April 30th is almost here – the premiere of American Gods on Starz. I’ve been following the progress of the American Gods TV series since the first announcements about it. When I learned Bryan Fuller was attached to the project, I was excited, but cautiously concerned. Fuller’s NBC series Hannibal felt the ire of fans for poor treatment of its female characters. I feared that complex ladies like Laura Moon, Sam Crow, and Bilquis would be slotted into shallow stereotypes.
Instead, it looks like American Gods has taken the exact opposite road!
“Oh my god, guys, there’s this show that we’re doing and the women are allowed to be actual human beings, can you believe it?” – Emily Browning
American Gods follows Shadow Moon, a quiet but physically intimidating man who’s days away from finishing a prison sentence. His world goes askew, however, when the death of his wife puts him in the path of Wednesday, an old con man with a mission and a few tricks up his sleeve. Shadow finds himself caught in a turf war between the Old Gods (Norse, Egyptian, Hindu, etc) and the New (Fame, Wealth, Technology).
The creative minds behind AG recognized that the original text was “a sausage party” and made a direct effort at expanding the roles of its female characters. Laura Moon, Shadow’s not-quite-dead wife is the most dynamic woman in the story. But most of her undead journey happens unseen. Episode four of the American Gods series will follow the events of the pilot episode, but from Laura’s point of view: this includes counting down to Shadow’s release from prison, the car accident and her death, and the start of her afterlife protecting Shadow.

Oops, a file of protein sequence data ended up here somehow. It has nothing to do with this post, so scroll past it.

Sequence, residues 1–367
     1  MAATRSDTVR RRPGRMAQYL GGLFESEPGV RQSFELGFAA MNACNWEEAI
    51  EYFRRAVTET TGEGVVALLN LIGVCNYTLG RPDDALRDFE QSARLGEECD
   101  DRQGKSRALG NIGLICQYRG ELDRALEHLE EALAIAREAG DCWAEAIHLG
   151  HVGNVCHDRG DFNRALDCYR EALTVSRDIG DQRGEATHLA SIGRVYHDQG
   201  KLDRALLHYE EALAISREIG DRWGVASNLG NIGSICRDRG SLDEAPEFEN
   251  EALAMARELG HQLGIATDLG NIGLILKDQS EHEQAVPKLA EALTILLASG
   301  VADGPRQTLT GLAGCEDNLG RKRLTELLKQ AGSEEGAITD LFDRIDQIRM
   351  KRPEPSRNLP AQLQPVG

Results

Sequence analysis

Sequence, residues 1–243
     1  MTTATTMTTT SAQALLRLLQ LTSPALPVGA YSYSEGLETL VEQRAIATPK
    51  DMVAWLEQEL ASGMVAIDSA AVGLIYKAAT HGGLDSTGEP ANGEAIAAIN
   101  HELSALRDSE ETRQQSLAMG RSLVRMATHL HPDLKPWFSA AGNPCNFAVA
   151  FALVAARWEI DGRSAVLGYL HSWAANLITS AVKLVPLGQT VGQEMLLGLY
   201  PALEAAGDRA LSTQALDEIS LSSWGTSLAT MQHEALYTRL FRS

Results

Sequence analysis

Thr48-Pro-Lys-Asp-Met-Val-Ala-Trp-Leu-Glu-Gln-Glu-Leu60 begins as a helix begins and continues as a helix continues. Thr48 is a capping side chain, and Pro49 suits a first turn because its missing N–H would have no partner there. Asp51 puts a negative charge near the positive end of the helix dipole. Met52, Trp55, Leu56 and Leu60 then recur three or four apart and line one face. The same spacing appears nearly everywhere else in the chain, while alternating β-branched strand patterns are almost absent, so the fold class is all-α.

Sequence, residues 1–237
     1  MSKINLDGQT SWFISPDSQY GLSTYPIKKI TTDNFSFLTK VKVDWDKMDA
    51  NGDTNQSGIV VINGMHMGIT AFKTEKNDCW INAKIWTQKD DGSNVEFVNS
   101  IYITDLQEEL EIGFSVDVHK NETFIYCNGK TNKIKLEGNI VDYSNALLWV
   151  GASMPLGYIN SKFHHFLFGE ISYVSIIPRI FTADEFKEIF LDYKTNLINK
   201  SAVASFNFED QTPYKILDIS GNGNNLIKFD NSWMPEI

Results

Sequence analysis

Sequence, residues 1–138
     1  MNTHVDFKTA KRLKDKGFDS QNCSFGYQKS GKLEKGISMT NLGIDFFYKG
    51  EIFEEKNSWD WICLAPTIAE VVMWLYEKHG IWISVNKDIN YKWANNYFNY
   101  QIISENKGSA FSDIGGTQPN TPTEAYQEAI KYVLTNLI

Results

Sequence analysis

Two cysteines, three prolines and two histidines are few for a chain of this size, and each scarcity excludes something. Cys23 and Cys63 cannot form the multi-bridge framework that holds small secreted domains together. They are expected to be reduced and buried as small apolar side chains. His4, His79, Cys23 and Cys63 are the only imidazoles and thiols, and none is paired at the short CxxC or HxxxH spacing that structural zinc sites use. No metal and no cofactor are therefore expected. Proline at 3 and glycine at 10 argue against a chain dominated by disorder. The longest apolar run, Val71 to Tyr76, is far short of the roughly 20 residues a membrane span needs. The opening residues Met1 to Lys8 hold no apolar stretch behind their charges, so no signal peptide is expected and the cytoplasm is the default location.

Sam Crow, unfortunately won’t be in this season of American Gods. Interviews with Gaiman and Fuller indicate that only the first third of the book will be explored. But, as with any adaptation, some changes must be in play – Kristin Chenoweth as Easter is clearly in the trailers, though Shadow originally meets the saucy fertility goddess later on.
On the plus side, we’ll get to enjoy Gillian Anderson as Media (one of the New Gods) and seeing Bilquis (Yetide Badaki) in an extended role. Sure, her sex worship is one of the most memorable and iconic scenes from the book, but she has little to do with the original primary plot. Still, this series promises to be riveting, thought-provoking, and feminist, so you can expect further gushing and analysis in the weeks to come!
Join me in worshipping tomorrow night at 9pm on Starz, or through the Starz app.